Battle Summary No. 26: The Chase and Destruction of Graf Spee (The Battle of the River Plate, September to 13 December 1939 (pp. 24-108) six chapters, eight appendices (A-H), six plans, two figures, and 140 endnotes. Graf Spee sailed into the South Atlantic in September 1939 and sank nine British merchantmen in three months. Ultimately, eight Royal Navy groups hunted Graf Spee, inflicted serious damage, and forces the ship into port at Montevideo before it was scuttled by its own crew in the river estuary. This report includes information through September 1944. The appendices (pp. 81-108) document British forces in the South Atlantic at the outbreak of war, the River Plate battle, Admiral Harwood’s signals, events at Montevideo before the scuttling, and rounds and torpedoes fired.
Battle Summary No. 24: The Sinking of the Scharnhorst (The Battle of the North Cape) 26 December 1943 (pp. 109-164) 17 parts, five appendices, six plans, six figures, and 63 endnotes. Scharnhorst and Gneisenau sortied operated together for much of the early portion of World War II, including sorties into the South Atlantic to attack British merchant shipping. Scharnhorst was sunk by HMS Duke of York and escorts. Appendices (pp. 150-159) focus on the warships employed in the operation, cruiser actions, torpedo attacks, intelligence gained from 36 prisoners, and a chronology of battleship actions.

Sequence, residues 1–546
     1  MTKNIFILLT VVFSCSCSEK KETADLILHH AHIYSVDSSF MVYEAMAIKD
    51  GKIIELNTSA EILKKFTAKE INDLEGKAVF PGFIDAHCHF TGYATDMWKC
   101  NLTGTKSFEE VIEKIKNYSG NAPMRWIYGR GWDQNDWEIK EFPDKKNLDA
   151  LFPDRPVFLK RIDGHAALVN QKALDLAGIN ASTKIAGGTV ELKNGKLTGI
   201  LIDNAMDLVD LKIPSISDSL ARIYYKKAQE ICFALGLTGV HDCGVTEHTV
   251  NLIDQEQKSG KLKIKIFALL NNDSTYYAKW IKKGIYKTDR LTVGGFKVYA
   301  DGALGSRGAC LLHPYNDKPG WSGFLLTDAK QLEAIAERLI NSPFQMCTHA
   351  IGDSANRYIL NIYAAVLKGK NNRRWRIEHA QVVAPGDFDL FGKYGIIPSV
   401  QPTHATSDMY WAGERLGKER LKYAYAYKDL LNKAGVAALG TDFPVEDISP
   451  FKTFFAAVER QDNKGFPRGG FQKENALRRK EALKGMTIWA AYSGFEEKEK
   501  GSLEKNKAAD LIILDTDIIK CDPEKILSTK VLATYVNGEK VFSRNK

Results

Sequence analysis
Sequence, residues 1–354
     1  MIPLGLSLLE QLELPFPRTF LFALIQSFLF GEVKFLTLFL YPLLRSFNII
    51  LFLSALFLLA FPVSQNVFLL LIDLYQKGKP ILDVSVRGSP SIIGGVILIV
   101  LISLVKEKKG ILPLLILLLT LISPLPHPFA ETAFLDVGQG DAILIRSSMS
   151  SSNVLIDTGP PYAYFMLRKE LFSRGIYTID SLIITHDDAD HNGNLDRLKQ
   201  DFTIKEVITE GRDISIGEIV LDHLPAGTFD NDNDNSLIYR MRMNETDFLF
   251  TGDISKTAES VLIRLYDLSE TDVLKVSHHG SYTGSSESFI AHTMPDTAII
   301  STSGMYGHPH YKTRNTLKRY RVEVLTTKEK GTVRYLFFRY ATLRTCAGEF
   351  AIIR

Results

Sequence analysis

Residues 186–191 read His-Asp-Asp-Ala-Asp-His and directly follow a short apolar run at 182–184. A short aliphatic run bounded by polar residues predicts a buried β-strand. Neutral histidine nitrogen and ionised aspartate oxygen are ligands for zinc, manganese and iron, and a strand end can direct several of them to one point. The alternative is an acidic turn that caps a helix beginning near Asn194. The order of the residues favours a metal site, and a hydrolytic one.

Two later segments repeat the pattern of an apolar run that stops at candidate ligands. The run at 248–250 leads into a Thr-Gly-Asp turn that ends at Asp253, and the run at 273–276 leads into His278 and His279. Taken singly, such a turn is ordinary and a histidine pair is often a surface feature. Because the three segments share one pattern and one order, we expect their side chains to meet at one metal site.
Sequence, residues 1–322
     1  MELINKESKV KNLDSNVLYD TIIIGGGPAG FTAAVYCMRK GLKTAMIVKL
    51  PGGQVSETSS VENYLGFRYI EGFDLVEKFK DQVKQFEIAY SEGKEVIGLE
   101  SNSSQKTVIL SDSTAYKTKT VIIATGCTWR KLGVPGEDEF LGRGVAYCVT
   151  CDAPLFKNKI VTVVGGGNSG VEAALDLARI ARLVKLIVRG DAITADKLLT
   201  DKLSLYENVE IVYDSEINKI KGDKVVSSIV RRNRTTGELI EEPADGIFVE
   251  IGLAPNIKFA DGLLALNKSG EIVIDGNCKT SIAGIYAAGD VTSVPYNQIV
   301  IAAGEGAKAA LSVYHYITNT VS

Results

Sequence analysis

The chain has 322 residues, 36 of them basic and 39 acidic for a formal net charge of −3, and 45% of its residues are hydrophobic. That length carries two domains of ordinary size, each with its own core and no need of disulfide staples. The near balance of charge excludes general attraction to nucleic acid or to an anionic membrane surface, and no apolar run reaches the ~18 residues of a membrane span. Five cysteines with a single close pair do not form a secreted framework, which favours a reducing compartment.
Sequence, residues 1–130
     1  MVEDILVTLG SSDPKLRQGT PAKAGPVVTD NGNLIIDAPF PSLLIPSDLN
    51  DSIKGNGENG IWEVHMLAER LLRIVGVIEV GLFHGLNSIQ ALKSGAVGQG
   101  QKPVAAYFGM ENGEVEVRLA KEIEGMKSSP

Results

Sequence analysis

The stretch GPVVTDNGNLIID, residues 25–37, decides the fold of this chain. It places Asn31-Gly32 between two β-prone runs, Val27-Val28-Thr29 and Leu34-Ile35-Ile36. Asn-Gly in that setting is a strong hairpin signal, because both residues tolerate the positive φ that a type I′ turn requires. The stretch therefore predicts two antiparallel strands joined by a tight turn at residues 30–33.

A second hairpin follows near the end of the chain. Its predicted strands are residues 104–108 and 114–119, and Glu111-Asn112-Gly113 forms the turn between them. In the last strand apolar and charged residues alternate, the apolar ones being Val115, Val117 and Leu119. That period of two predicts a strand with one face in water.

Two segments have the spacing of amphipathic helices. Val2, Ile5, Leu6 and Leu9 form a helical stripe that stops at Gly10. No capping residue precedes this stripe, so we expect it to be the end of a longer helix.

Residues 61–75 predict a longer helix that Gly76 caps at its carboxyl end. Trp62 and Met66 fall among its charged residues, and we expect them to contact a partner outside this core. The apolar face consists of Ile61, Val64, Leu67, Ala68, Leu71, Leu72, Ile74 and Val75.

Battle Summary No. 13: Actions with Disguised Raiders, 1940-1942 (pp. 165-214) ten parts, four appendices eight plans, and 84 endnotes. These deal with eight actions over 28 months in the South Atlantic and Indian Ocean. From the Atlantic, they report HMS Alcantara vs. a German raider (July 1940) and HMS Cararvon Castle vs. a German raider (December 1940); from the Indian Ocean HMS Leander vs. an Italian raider (February 1941); HMS Cornwall vs. the raider Voltaire (April-May 1941); HMS Cornwall vs. Raider 33 (May 1941); HMAS Sydney vs. the Kormoran (November 1941); and from the South Atlantic HMS Devonshire vs. Raider 30 (November 1941), and HMS Dorsetshire vs. the submarine supply ship Python (December 1941). An unfruitful raider hunt is also documented. It is not always clear from the narratives which raiders were seen or engaged and/or sunk. Appendices (pp. 204-210) further inform us about the Alcantara, Cornwall, the cruise of the Kormoran, and Admiralty messages.